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Research Review: Pros and Cons of Standing

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Sitting for extended periods of time is now considered as dangerous as smoking cigarettes, and as a result, many people have taken to standing during the workday. New research is shedding light on both positive and negative effects of the current trend.

Stand Up for Weight Loss

Can standing instead of sitting help you lose weight? Researchers say yes, though the losses are modest. According to data published in the European Journal of Preventive Cardiology (2018; 25 [5], 522–38), a person who weighs about 140 pounds and stands for 6 hours a day expends an extra 54 calories. That’s the equivalent of 5.5 pounds of weight loss per year.

This information, produced by the Mayo Clinic, is based on a review of 48 studies involving 1,184 subjects.

Researchers also learned that men tend to burn twice as many calories as women while standing. The scientists theorized that this may be because men have more muscle mass. Standing was also linked with improved fasting blood sugar levels, lower blood pressure and reduced triglyceride levels.

“Standing for long periods of time for many adults may seem unmanageable, especially those who have desk jobs, but, for the person who sits for 12 hours a day, cutting sitting time to half would give great benefits,” said researcher Francisco Lopez-Jimenez, MD. “Standing is one of the components of NEAT, and the results of our study support this theory. The idea is to work into our daily routines some lower-impact activities that can improve our long-term health.”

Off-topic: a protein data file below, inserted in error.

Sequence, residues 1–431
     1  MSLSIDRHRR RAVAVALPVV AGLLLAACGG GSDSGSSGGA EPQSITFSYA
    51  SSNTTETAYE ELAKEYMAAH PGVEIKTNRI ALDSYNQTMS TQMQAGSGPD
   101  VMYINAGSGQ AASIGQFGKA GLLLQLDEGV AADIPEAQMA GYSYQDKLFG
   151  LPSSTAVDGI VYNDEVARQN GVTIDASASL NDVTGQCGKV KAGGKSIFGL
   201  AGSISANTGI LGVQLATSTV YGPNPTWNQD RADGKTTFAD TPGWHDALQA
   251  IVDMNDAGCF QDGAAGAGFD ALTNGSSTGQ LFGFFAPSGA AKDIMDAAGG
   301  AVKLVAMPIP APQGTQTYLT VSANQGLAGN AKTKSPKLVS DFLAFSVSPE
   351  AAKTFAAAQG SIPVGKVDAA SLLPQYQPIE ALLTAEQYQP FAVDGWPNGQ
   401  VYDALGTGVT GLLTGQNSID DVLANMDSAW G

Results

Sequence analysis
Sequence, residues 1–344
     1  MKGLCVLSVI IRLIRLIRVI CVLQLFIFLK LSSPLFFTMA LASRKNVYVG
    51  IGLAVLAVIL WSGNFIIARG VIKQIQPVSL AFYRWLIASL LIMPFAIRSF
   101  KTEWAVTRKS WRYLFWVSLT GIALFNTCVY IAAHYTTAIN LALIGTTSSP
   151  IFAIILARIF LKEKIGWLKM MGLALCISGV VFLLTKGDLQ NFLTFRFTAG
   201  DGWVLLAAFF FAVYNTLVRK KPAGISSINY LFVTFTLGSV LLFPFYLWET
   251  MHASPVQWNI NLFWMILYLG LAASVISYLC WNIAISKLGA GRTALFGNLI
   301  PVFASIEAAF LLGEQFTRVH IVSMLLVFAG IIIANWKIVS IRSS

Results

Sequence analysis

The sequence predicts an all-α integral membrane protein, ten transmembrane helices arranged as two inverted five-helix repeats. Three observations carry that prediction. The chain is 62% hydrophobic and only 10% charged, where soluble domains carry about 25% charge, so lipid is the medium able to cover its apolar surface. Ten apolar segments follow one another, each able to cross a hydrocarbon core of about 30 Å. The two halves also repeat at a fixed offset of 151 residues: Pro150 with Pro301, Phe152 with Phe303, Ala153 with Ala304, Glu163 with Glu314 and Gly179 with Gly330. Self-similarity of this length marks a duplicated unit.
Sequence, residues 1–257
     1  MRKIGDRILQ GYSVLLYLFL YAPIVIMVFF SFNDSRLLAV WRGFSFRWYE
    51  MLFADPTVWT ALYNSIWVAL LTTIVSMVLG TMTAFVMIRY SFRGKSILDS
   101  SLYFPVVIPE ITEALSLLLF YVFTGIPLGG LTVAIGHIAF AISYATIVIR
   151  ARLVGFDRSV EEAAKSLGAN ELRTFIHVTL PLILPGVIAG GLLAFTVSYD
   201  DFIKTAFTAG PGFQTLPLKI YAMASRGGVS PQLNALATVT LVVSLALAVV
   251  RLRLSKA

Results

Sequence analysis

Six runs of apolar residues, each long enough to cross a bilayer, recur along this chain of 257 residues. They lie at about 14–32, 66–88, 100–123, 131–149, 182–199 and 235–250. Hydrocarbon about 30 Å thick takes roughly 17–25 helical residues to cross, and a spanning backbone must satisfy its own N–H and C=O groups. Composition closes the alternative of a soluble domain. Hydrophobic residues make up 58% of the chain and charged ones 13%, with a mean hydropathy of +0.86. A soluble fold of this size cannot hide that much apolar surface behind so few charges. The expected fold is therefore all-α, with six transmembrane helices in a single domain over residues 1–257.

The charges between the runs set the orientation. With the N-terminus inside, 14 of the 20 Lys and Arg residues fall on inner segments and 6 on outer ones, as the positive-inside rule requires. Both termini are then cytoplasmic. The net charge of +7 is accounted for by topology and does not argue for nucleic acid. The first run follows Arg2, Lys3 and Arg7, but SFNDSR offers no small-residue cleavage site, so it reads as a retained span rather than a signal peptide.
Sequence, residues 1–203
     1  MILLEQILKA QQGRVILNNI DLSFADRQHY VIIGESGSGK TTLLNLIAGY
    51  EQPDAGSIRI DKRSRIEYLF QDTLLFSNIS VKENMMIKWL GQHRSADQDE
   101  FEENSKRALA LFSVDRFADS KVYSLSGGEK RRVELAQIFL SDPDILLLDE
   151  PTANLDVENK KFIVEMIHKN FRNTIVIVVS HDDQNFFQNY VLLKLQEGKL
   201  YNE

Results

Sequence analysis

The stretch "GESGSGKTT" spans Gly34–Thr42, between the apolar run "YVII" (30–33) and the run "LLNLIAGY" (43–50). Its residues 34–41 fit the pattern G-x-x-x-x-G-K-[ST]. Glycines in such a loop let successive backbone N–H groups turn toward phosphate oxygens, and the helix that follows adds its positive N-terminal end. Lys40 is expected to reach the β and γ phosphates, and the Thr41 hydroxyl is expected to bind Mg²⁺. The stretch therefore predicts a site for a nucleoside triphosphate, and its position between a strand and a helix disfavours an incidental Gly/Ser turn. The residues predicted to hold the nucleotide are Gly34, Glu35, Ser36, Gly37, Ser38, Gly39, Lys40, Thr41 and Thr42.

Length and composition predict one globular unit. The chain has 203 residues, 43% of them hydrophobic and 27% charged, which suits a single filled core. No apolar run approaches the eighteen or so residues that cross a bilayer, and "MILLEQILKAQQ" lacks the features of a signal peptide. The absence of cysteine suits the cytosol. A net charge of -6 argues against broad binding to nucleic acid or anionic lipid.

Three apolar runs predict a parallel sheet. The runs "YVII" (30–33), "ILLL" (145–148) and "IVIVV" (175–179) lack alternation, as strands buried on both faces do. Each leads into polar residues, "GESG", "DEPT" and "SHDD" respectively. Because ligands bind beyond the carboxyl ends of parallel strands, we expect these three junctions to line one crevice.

Lengthy Bouts of Standing May Have Downfalls

While the report you just read sounds positive, other researchers argue that standing is not without faults.

In a study published in Ergonomics (2018; 61 [70], 877–90), 20 adults were asked to perform 2 hours of standing computer work while researchers assessed the subjects’ physical comfort and mental function. As time passed, full-body discomfort increased, and sustained reaction time became impaired. However, creative problem-solving abilities improved.

“There was no change in erector spinae, rectus femoris, biceps femoris or tibialis anterior muscle fatigue; low back angle changed towards less lordosis, pelvis movement increased, lower limb swelling increased and mental state decreased,” the authors wrote. They noted that body discomfort was associated with mental state.

Based on these results, they concluded that people should be cautious about standing for extended periods of time.

Ryan Halvorson

Ryan Halvorson is an award-winning writer and editor, and IDEA's director of event programming.

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